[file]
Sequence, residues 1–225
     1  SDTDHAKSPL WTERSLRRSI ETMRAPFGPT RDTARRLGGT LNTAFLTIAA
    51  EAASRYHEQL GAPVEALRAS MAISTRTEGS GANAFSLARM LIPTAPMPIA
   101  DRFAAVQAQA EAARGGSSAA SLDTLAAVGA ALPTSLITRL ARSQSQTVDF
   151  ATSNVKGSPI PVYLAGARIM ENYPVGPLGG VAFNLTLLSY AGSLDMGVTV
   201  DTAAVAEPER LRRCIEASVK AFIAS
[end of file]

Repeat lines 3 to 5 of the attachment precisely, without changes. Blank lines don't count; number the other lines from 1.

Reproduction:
    51  EAASRYHEQL GAPVEALRAS MAISTRTEGS GANAFSLARM LIPTAPMPIA
   101  DRFAAVQAQA EAARGGSSAA SLDTLAAVGA ALPTSLITRL ARSQSQTVDF
   151  ATSNVKGSPI PVYLAGARIM ENYPVGPLGG VAFNLTLLSY AGSLDMGVTV